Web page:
"True," said Foxe patiently, earnestly, nodding. "But all I want to do is post a warning. Drop a little seed in her subconscious. Tell her, 'You're a murderee, a victim looking for a place to happen.' One tiny seed I want to plant in her head and hope it'll sprout and flower. A very faint, very poor hope that before it's too late, she'll gather her courage and go see a psychiatrist!"
"It's too hot to talk."
"All the more reason to act! More murders are committed at ninety-two degrees Fahrenheit than any other temperature. Over one hundred, it's too hot to move. Under ninety, cool enough to survive. But right _at_ ninety-two degrees lies the apex of irritability, everything is itches and hair and sweat and cooked pork. The brain becomes a rat rushing around a red-hot maze. The least thing, a word, a look, a sound, the drop of a hair and--irritable murder. _irritable murder_, there's a pretty and terrifying phrase for you. Look at that hall thermometer, eighty-nine degrees. Crawling up toward ninety, itching up toward ninety-one, sweating toward ninety-two an hour, two hours from now. Here's the first flight of stairs. We can rest on each landing. Up we go!"

The two old men moved in the third-floor darkness.
"Don't check the numbers," said Foxe. "Let's guess which apartment is hers."
Behind the last door a radio exploded, the ancient paint shuddered and flaked softly onto the worn carpet at their feet. The men watched the entire door jitter with vibration in its grooves.
They looked at each other and nodded grimly.
Another sound cut like an ax through the paneling; a woman, shrieking to someone across town on a telephone.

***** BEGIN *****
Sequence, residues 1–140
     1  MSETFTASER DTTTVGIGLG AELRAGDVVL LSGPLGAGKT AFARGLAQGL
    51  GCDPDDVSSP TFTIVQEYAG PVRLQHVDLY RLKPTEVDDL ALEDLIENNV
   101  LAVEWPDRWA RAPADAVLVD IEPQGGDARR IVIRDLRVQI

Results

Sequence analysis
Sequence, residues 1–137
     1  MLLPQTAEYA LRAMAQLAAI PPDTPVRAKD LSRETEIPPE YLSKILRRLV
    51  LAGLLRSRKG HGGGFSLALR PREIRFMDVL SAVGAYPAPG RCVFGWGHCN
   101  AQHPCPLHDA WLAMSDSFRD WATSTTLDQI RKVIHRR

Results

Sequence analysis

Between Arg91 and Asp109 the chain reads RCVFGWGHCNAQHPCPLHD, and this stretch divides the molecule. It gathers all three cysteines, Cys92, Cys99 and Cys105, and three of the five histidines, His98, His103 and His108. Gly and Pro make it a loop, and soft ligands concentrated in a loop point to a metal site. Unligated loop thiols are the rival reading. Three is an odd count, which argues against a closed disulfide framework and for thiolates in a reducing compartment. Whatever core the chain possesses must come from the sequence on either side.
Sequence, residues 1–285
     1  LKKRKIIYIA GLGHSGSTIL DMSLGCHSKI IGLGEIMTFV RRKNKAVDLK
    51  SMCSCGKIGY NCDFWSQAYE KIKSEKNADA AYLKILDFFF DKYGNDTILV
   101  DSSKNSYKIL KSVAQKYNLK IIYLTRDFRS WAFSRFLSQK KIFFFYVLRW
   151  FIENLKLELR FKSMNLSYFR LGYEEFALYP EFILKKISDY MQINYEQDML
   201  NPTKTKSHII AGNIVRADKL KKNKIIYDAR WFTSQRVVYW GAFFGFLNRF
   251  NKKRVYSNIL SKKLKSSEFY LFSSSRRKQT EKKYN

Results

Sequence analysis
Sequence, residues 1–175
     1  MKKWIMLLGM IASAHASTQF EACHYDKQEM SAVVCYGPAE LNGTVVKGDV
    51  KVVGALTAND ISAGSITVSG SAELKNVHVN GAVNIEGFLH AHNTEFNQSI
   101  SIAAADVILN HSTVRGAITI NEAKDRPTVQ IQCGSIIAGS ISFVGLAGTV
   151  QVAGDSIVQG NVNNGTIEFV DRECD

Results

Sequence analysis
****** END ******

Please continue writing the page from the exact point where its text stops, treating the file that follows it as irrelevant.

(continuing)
"No phone necessary. She should just open her window and yell."
Foxe rapped.
The radio blasted out the rest of its song, the voice bellowed. Foxe rapped again, and tested the knob. To his horror the door got free of his grasp and floated swiftly inward, leaving them like actors trapped on-stage when a curtain rises too soon.
"Oh, no!" cried Shaw.
They were buried in a flood of sound. It was like standing in the spiliway of a dam and pulling the gate-lever. Instinctively, the old men raised their hands, wincing as if the sound were pure blazing sunlight that burnt their eyes.
The woman (it was indeed Mrs. Shrike!) stood at a wall phone, saliva flying from her mouth at an incredible rate. She showed all of her large white teeth, chunking off her monologue, nostrils flared, a vein in her wet forehead ridged up, pumping, her free hand flexing and unflexing itself. Her eyes were clenched shut as she yelled:
"Tell that damned son-in-law of mine I won't see him, he's a lazy hum!"
Suddenly the woman snapped her eyes wide, some animal instinct having felt rather than heard or seen an intrusion. She continued yelling into the phone, meanwhile piercing her visitors with a glance forged of the coldest steel. She yelled for a full minute longer, then slammed down the receiver and said, without taking a breath: "Well?"
The two men moved together for protection. Their lips moved.
"Speak up!" cried the woman.
"Would you mind," said Foxe, "turning the radio down?"
She caught the word "radio" by lip reading. Still glaring at them out of her sunburnt face, she slapped the radio without looking at it, as one slaps a child that cries all day every day and has become an unseen pattern in life. The radio subsided.
"I'm not buyin' anything!"